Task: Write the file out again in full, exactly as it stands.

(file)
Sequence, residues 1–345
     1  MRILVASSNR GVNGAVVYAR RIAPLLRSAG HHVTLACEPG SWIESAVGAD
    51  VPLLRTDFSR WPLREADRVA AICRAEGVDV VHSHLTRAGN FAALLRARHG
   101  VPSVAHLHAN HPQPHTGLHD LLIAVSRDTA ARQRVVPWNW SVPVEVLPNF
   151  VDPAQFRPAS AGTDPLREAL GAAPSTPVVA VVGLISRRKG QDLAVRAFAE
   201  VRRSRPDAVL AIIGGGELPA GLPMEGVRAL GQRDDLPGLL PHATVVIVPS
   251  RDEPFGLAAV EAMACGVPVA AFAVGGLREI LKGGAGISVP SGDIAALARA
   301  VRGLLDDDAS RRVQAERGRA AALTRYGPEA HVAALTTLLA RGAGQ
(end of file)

Sequence, residues 1–345
     1  MRILVASSNR GVNGAVVYAR RIAPLLRSAG HHVTLACEPG SWIESAVGAD
    51  VPLLRTDFSR WPLREADRVA AICRAEGVDV VHSHLTRAGN FAALLRARHG
   101  VPSVAHLHAN HPQPHTGLHD LLIAVSRDTA ARQRVVPWNW SVPVEVLPNF
   151  VDPAQFRPAS AGTDPLREAL GAAPSTPVVA VVGLISRRKG QDLAVRAFAE
   201  VRRSRPDAVL AIIGGGELPA GLPMEGVRAL GQRDDLPGLL PHATVVIVPS
   251  RDEPFGLAAV EAMACGVPVA AFAVGGLREI LKGGAGISVP SGDIAALARA
   301  VRGLLDDDAS RRVQAERGRA AALTRYGPEA HVAALTTLLA RGAGQ